This spring, summer, and fall Andrea continued to work her ass off like normal. We played with flipping vaults for fun and she did them well. We did giants with some consistency and she was consistently hitting casts and clear hips in handstand. She developed one of the prettiest layout flyaways I have ever seen. She finally was on an even playing field on beam and floor. No terrible walkovers to set her back. She could do a handspring and cartwheel-cartwheel. She could also show some of her power on floor and ended up getting pretty good at her level seven passes.
None of this matters though, because she did it all with a great attitude. She worked her ass off when she was in the gym and she did it with a smile. She ripped three times last week. Big, bloody rips. She peeled the skin off and went back to work. I have seen her straddle a bar and get up laughing. And yeah… I meant bar, not beam. She straddled it really hard. She jumped up smiling and laughing at herself even as the tears came to her eyes. Andrea was the first girl to encourage somebody. She was the first girl to give a team mate a kick in the butt when they weren’t doing what they were supposed to. She was the first girl to laugh at a team mate and she was also the first girl to laugh at herself, or me. She was ever the smart ass as she got into her young teenage years. Every coach, athlete, and parent loved her. Every single younger child looked up to her. They didn’t look up to her because of her tall, thin, extremely muscular frame. They did so because she was an amazing child, athlete, friend, team mate, daughter, and sister. She was everything that I hope my children turn into.
I think back on all the memories over the past few years with Andrea in the gym. She has been with me since SOGA opened. She aspired to be a coach. I’m not completely sure, but I think that it was because of me. She constantly helped out her team mates and they would listen to her almost as well as they would listen to me. She had the worst hillbilly accent at times and we all enjoyed correcting her and gently teasing her. She would always take it with a huge smile and would usually give it back to me or the other kids. Just like she did a little more than twenty-four hours before she lost her life. Andrea grew into a beautiful, confident, funny, caring, and all-around amazing young girl. Like I said before, she was always a smartass and she kept me on my toes. That made me love her even more. I rarely had to question her effort or desire, if ever. My only regret is not being able to see her outside the gym more. I know that she was a wonderful person outside of our doors as well. Everybody that knew her liked her. I will never forget Andrea Bailes as long as I live.
I had to talk with my athletes and parents today. It was extremely hard. Most of the kids already knew about Andrea and all of the parents knew. I tried to be strong for the kids. I told them all I loved them and that if they needed anything at all that I wanted them to come to me. I told them I didn’t care what it was. If they needed somebody to listen or talk to, a shoulder to cry on, or if they just needed a hug… I would do whatever it took to help guide them through this difficult situation. There were many tears shed. I told my athletes to go over to a couple mats to sit, hang out, and talk. Soon their quiet talks turned into laughter as the parents all began discussing things we could all do to help out Andrea’s family. After the kids had some time to decompress I went over to them to talk some more. I told them that Andrea embodied so many great qualities that we all had to take with us. She blessed our lives with her smile, whit, work ethic, and stubborn determination to be the best she could be. I told my gymnasts that I was going to continue on with my life and try to take those values with me. I never want to let Andrea Bailes and her attitude die in my heart and mind. I told them that I thought Andrea would want us to continue on and work our asses off to be the best we could be, just like she would. They all agreed. I left them alone and a short time after their gentle laughter turned into running, jumping, and flipping. The kids began to deal with this problem together, in the gym. Andrea would have done the exact same thing. She always did. She never missed an opportunity to play with her friends in the gym.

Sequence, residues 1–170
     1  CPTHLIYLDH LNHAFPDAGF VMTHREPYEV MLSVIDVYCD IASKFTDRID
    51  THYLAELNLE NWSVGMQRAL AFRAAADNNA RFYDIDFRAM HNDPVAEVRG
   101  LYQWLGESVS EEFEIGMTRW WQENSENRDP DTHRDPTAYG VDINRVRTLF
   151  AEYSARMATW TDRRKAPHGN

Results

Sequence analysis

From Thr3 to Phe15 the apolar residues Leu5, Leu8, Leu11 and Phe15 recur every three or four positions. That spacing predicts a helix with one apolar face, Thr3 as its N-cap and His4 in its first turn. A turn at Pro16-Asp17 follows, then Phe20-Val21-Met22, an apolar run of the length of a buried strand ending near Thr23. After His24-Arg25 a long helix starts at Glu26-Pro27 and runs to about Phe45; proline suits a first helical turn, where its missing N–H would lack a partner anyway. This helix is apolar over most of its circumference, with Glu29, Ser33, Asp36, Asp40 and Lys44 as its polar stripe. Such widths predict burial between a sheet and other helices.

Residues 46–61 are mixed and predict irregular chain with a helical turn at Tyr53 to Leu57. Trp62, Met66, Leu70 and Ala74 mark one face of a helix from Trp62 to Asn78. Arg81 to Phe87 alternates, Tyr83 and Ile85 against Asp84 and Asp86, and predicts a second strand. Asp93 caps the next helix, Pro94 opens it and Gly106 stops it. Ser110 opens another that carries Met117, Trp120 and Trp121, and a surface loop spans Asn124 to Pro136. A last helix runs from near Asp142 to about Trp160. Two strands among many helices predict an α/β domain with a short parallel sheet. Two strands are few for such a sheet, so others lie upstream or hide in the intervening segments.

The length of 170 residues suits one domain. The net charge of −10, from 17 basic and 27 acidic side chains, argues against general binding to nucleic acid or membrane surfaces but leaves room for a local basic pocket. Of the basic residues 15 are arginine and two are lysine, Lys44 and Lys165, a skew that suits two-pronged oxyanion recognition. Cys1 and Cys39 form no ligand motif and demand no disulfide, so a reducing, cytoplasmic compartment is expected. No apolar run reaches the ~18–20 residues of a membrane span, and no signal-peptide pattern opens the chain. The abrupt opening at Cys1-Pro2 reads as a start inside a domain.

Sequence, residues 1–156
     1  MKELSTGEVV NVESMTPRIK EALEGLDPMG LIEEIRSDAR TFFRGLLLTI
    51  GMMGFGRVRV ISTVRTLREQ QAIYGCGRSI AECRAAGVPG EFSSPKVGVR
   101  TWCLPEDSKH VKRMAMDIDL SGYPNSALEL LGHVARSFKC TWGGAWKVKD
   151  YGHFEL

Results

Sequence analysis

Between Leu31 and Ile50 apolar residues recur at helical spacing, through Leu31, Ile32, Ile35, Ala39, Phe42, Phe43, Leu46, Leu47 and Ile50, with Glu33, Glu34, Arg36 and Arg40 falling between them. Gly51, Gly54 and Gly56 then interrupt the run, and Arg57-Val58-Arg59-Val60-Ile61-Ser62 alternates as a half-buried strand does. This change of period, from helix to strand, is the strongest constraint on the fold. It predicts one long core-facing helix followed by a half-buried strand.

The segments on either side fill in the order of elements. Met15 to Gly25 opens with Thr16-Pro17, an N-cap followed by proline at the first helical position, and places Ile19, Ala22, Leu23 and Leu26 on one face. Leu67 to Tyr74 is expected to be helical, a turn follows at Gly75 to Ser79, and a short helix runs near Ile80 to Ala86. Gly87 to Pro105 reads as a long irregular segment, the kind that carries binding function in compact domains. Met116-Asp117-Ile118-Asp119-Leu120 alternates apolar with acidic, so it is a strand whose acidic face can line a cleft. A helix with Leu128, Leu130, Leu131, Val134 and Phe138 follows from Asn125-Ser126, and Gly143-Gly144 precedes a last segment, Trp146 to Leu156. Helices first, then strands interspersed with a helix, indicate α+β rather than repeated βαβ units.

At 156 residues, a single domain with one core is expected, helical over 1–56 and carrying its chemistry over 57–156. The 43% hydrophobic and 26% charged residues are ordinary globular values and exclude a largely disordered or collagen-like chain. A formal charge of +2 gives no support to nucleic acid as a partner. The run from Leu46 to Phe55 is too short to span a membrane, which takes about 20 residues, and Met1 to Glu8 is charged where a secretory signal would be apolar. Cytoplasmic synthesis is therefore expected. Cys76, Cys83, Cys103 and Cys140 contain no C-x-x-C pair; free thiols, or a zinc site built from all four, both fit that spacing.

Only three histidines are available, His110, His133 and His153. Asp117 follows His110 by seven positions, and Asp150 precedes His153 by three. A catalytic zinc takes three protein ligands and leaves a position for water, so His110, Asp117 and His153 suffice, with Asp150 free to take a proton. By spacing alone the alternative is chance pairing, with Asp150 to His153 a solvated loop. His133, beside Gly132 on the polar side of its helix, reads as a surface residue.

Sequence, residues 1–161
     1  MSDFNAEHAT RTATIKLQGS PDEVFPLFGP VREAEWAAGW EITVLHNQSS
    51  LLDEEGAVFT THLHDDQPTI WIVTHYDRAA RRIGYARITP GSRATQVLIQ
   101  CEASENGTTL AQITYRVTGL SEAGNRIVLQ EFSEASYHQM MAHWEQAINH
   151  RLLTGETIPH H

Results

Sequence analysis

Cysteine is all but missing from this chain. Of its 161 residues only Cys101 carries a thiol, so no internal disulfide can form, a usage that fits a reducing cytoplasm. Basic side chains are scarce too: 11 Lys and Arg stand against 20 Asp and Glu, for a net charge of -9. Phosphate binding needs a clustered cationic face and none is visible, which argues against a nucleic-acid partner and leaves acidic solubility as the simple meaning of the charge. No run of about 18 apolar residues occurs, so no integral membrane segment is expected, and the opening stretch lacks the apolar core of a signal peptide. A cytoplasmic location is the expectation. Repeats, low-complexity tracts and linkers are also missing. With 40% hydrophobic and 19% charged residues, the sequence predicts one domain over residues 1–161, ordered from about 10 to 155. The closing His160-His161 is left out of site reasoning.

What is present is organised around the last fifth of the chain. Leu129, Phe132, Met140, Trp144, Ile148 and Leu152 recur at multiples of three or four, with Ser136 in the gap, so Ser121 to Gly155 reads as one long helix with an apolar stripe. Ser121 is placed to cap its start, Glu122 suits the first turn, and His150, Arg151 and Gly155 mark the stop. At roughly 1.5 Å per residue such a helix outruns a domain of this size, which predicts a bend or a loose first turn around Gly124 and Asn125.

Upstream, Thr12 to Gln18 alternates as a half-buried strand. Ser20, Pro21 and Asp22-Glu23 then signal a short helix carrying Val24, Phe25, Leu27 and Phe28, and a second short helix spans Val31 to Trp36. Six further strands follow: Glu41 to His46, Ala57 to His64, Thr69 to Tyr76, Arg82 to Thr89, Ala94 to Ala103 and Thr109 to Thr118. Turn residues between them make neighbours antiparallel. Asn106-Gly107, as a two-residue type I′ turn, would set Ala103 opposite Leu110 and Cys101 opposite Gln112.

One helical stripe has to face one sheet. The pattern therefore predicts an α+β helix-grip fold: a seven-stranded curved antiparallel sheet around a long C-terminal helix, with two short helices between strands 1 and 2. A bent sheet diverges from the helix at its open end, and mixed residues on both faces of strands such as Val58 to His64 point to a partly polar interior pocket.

As I sat in the gym I kept looking around from event to event. In my head I kept seeing her doing her skills on the events. All the little mistakes, all the quirks, all the beautiful lines. The door opened and an even worse realization hit me. Not only would I never see this wonderful child do gymnastics again… I would never see her walk through those doors again. Somebody else walked through the door but all I could see was her head poke in as she sort of shuffled in towards the lockers. She had a very unique way of entering the gym and I’m not sure if anybody else has ever noticed it.
I don’t know where things will go from here. I know Andrea was a huge part of my life and the lives of all the people at SOGA. She was very dear to me in particular because of all of the qualities I have gone on and on about. It feels to me like a little sister or daughter has been taken away. I can only imagine how her family feels.
I do know that going forward I want to keep her memory alive in my heart and mind. I want to keep those qualities burning inside me. I want to be the best coach I can possibly be and I want to make these kids into the best people they can possibly be, and hopefully great gymnasts. I want to do it for Andrea Bailes. That phrase has been echoing in my head for hours and hours. For Andrea Bailes. For Andrea Bailes. She has done so much for me and for others and I can only hope to do as much for others as she has done. Only time will tell and only time will heal or lessen the pain.
I do not know how to move on in this post, in the gym, or in life right now but I do know why I am going to do things and how I am going to do things. I am going to do it to the best of my ability at all times, because that is what she did. I am going to try to be a better encourager, because that’s what she was. I am going to try to go about things with more of a quiet confidence, because that was what she did. I am going to do all of this because Andrea Bailes made me a better person and a better coach. I am going to do it for her because it what she deserved.
I will never forget you and I will always appreciate the time I was able to spend with you. Thank you for all the great memories and thank you for being such a wonderful person. You will be missed more than you ever know by me and everybody else. I love you. I only hope I can be as great a person as you were.